Ukraine braces for renewed attacks as Russians leave Chernobyl

In what would be the first attack of its kind, if confirmed, the governor of the Russian border region of Belgorod accused Ukraine of flying helicopter gunships into Russian territory early Friday morning and striking an oil depot.

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KYIV, Ukraine: Russian troops left the heavily contaminated Chernobyl nuclear site early Friday after returning control to the Ukrainians, authorities said, as eastern parts of the country braced for renewed attacks and Russians blocked another aid mission to the besieged port city of Mariupol.

Ukraine’s state power company, Energoatom, said the pullout at Chernobyl came after soldiers received “significant doses” of radiation from digging trenches in the forest in the exclusion zone around the closed plant. But there was no independent confirmation of that.

In what would be the first attack of its kind, if confirmed, the governor of the Russian border region of Belgorod accused Ukraine of flying helicopter gunships into Russian territory early Friday morning and striking an oil depot.

The depot, a facility run by Russian energy giant Roseneft about 35 kilometers (21 miles) from the border, was set ablaze by the attack that left two people injured, according to a post by Vyacheslav Gladkov on Telegram.

“The fire at the oil depot occurred as a result of an air strike from two helicopters of the armed forces of Ukraine, which entered the territory of Russia at a low altitude,” the governor wrote on the messaging app.

It was not immediately possible to verify the claim or images that were circulating on social media of the alleged attack.

Elsewhere, Ukrainian forces have retaken the villages of Sloboda and Lukashivka to the south of Chernihiv and located along one of the main supply routes between the city and Kyiv, according to Britain’s Defense Ministry.

Ukraine has also continued to make successful but limited counterattacks to the east and northeast of Kyiv, the ministry said.

Both Chernihiv and Kyiv have been subjected to continued air and missile strikes despite Russian claims of reducing activity in these areas. There are growing indications Moscow is using its talk of de-escalation in Ukraine as cover to regroup, resupply its forces and redeploy them for a stepped-up offensive in the eastern part of the country.

Ukrainian President Volodymyr Zelensky warned that Russian withdrawals from the north and center of the country were just a military tactic to build up forces for new powerful attacks in the southeast. A new round of talks between the countries was scheduled Friday, five weeks into a conflict that has left thousands dead and driven 4 million Ukrainians from the country.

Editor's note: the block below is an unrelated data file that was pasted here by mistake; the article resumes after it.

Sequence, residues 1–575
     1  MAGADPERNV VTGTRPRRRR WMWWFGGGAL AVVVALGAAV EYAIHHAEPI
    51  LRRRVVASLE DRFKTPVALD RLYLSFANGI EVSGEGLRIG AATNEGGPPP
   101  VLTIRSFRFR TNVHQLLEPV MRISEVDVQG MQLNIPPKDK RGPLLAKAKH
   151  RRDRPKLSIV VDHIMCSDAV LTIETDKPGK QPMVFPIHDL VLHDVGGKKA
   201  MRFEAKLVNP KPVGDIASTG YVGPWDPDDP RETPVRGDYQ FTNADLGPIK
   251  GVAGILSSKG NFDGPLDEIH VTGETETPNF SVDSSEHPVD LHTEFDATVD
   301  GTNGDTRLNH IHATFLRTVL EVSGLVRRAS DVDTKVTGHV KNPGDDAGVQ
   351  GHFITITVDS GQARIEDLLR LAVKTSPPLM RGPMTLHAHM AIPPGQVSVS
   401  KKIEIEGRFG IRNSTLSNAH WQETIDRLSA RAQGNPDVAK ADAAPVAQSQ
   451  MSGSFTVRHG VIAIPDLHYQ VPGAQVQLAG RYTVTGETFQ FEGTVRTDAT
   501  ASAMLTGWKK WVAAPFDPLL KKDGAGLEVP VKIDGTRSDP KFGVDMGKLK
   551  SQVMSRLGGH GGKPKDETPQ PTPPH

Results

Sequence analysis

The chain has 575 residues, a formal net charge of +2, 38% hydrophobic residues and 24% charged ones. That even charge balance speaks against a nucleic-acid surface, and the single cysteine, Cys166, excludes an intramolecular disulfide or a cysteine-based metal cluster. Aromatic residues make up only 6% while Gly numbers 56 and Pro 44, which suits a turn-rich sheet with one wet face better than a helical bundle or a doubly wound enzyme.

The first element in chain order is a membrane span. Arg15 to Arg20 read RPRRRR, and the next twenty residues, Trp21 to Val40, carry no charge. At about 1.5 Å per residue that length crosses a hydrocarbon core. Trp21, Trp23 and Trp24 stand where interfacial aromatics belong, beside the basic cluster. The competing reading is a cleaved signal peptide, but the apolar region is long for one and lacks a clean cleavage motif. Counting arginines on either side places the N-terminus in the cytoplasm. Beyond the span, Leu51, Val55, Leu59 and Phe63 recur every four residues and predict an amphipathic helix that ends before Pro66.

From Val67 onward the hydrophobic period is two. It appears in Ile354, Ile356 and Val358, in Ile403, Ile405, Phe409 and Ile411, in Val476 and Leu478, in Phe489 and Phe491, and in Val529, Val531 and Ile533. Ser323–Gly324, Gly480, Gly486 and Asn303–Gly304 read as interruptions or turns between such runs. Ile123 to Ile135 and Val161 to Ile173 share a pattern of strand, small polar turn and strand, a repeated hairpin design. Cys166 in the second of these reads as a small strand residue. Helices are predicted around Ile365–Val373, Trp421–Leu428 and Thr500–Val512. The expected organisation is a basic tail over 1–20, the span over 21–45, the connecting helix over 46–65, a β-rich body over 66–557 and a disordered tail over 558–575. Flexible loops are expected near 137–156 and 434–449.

“We know their intentions,” Zelensky said in his nightly video address to the nation. “We know that they are moving away from those areas where we hit them in order to focus on other, very important ones where it may be difficult for us.”

“There will be battles ahead,” he added.

Following a plea from Zelensky when he addressed Australian Parliament on Thursday, Prime Minister Scott Morrison said that his country would send mine-resistant armored personnel carriers to Ukraine.

He said Friday the four-wheel drive “Bushmaster” vehicles, specifically requested by Zelensky, would be flown in to Europe but did not say how many would be delivered or when.

“We’re not just sending our prayers, we are sending our guns, we’re sending our munitions, we’re sending our humanitarian aid, we’re sending all of this, our body armor, all of these things and we’re going to be sending our armored vehicles, our Bushmasters, as well,” Morrison said.

In the encircled strategic port city of Mariupol, Russian forces blocked a convoy of 45 buses attempting to evacuate people after the Russian military agreed to a limited cease-fire in the area. Only 631 people were able to get out of the city in private cars, according to the Ukrainian government.

Russian forces also seized 14 tons of food and medical supplies in a dozen buses that were trying to make it to Mariupol, Deputy Prime Minister Iryna Vereshchuk said.

The city has been the scene of some of the worst suffering of the war. Tens of thousands have managed to get out in the past few weeks by way of humanitarian corridors, reducing the population from a prewar 430,000 to an estimated 100,000 by last week, but other relief efforts have been thwarted by continued Russian attacks.

The International Atomic Energy Agency said it had been informed by Ukraine that the Russian forces at the site of the world’s worst nuclear disaster had transferred control of it in writing to the Ukrainians. The last Russian troops left Chernobyl early Friday, the Ukrainian government agency responsible for the exclusion zone said.

Energoatom gave no details on the condition of the soldiers it said were exposed to radiation and did not say how many were affected. There was no immediate comment from the Kremlin, and the IAEA said it had not been able to confirm the reports of Russian troops receiving high doses. It said it was seeking more information.

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